Increased Migration Cooperation with El Salvador, Guatemala, and Honduras

In 2019 and 2020, the United States has secured enhanced cooperation with El Salvador, Guatemala, and Honduras in addressing irregular migration focusing on border security, facilitating information sharing, and promoting access to legal temporary employment in the United States. Additionally, the United States signed Asylum Cooperative Agreements (ACAs) with Guatemala, El Salvador, and Honduras to expand access to international protection within the region and deter illegal immigration to the United States.

Creating the Migrant Protection Protocol

In January 2019, the U.S. government began implementing a new initiative, the Migrant Protection Protocol (MPP), whereby CBP returns to Mexico certain migrants encountered along the U.S.-Southwest border to wait for the duration of their U.S.  immigration proceedings.  Mexico has committed to offer these returned migrants jobs, healthcare, and education.

Separately, Mexico has also deployed thousands of National Guard troops to its southern border to maintain Mexico’s sovereignty and the integrity of their border.

Increasing Prosperity

The United States is working with the governments of El Salvador, Guatemala, Honduras, and Mexico to support their visions to enhance civilian security, strengthen democratic institutions, fight corruption, and improve economic conditions.

To promote citizen security, U.S. programs help regional governments combat transnational criminal organizations, reduce gang and drug violence, and build the capacity of police and military institutions to address these issues on their own.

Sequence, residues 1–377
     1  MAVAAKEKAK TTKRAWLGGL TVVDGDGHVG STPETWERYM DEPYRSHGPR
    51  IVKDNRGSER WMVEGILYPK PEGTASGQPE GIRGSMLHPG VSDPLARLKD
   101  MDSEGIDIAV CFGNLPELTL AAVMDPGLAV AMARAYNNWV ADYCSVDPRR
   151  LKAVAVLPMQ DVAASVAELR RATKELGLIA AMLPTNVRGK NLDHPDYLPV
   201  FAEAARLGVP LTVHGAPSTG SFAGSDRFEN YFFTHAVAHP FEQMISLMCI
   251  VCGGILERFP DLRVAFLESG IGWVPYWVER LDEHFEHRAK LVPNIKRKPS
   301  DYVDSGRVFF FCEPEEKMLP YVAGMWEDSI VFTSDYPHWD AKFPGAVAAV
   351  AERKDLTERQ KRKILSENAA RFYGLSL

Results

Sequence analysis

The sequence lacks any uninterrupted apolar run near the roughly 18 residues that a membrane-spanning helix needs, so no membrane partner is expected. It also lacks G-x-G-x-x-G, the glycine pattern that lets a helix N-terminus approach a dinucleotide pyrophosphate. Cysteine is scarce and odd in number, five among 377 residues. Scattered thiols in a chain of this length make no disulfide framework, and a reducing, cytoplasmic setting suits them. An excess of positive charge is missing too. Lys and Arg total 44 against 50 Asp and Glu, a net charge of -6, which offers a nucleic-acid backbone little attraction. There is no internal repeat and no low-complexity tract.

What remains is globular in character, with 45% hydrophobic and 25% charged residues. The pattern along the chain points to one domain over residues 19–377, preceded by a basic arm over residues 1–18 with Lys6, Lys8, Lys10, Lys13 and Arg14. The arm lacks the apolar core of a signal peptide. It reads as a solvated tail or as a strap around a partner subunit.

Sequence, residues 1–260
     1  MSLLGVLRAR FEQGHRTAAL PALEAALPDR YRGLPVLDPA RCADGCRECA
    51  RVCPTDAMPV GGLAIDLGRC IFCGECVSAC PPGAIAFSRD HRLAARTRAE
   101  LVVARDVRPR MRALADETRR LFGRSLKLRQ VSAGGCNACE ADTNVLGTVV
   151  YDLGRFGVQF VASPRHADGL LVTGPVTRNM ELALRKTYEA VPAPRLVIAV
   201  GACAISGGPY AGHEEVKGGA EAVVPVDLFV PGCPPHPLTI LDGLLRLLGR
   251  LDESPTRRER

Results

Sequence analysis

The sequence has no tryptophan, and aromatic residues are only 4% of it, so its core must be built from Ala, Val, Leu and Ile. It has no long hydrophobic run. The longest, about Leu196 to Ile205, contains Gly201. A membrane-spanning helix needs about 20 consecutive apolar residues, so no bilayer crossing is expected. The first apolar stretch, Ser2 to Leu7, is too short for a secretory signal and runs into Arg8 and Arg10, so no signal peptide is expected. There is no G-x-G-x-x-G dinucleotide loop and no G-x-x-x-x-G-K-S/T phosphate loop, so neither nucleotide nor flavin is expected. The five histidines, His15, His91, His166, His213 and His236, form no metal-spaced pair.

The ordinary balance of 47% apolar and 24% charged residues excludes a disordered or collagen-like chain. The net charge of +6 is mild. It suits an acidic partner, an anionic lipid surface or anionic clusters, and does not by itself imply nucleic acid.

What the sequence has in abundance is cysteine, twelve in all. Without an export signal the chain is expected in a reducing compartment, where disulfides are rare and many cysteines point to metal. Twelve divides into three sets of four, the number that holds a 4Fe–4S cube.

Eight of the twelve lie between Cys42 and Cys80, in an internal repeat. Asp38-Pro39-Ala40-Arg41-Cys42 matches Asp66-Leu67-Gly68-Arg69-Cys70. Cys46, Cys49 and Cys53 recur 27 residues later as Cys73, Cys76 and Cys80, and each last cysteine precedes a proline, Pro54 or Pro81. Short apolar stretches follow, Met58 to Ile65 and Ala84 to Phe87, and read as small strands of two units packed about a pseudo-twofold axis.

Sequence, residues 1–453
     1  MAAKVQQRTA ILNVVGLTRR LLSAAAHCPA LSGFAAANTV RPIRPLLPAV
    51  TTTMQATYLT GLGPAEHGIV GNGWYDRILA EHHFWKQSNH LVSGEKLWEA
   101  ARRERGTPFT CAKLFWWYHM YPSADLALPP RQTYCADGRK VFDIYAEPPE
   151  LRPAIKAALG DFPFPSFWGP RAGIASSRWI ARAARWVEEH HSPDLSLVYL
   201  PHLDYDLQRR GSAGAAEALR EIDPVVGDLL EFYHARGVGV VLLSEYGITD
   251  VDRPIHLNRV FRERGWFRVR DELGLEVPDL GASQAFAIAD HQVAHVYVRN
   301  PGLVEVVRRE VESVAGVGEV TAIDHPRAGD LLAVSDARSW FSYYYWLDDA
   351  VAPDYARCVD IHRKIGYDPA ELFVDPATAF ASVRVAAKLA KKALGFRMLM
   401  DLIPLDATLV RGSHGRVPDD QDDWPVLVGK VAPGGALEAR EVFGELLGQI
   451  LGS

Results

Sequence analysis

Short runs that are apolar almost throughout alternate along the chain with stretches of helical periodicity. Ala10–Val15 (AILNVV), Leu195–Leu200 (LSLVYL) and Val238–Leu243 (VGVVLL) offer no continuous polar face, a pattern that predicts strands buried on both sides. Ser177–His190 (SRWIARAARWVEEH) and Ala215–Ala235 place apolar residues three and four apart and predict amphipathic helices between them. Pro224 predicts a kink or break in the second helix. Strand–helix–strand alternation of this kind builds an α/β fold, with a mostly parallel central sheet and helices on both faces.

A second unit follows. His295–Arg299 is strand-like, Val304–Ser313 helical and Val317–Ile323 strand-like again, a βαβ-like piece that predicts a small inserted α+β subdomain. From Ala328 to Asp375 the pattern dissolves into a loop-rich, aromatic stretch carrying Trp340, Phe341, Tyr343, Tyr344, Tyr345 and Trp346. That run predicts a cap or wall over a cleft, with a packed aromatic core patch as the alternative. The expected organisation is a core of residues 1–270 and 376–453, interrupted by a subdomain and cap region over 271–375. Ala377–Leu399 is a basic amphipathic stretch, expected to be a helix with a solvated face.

To promote good democratic governance, U.S. programs support anti-corruption efforts that improve the ease of doing business, strengthen the rule of law, promote strong institutions and government accountability, build respect for human rights, and improve fiscal management by promoting efficient tax collection, civil society engagement, and institutional reform.

Additionally, the United States is committed to building a more prosperous, stable, and secure Western Hemisphere. Through its Growth in the Americas Initiative, the United States will help create meaningful economic opportunities to improve the lives of individuals throughout the region.

The United States coordinates five bi-national cross-border infrastructure meetings annually with Mexico. These meetings facilitate trade, infrastructure development, and the secure movement of people and goods.

As part of the June 2019 U.S.-Mexico Joint Declaration, the United States and Mexico committed to working with regional and international partners to build a more prosperous and secure Central America to address the underlying causes of migration, so that citizens of the region can build better lives for themselves and their families at home. The U.S. International Development Finance Corporation (DFC) Board of Directors approved $1 billion in investments that will advance development in emerging markets across the globe. One project provides up to $20 million to support medium-sized businesses in Latin America, with a focus on Mexico. The fund aims to create quality employment opportunities in communities where most working-age adults are employed by the informal sector without stable wages and benefits.

Growth in the Americas Western Hemisphere Map

The U.S. International Development Finance Corporation (DFC) Board of Directors approved $1 billion in investments that will advance development in emerging markets across the globe.  One project provides up to $20 million to support medium-sized businesses in Latin America, with a focus on Mexico.  The fund aims to create quality employment opportunities in communities where most working-age adults are employed by the informal sector without stable wages and benefits.